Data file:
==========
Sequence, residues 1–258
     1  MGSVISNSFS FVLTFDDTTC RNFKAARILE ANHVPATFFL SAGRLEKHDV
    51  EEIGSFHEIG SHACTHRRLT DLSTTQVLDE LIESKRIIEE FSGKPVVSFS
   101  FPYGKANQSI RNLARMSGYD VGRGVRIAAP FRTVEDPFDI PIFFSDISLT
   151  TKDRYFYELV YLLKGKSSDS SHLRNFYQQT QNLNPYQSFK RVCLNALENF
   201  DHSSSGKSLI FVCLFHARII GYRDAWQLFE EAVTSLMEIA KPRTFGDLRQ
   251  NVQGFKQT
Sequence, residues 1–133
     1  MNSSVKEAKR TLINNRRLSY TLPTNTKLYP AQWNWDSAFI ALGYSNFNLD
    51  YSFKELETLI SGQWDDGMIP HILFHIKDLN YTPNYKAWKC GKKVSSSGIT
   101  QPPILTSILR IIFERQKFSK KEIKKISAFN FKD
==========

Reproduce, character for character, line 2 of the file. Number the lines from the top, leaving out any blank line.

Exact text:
     1  MGSVISNSFS FVLTFDDTTC RNFKAARILE ANHVPATFFL SAGRLEKHDV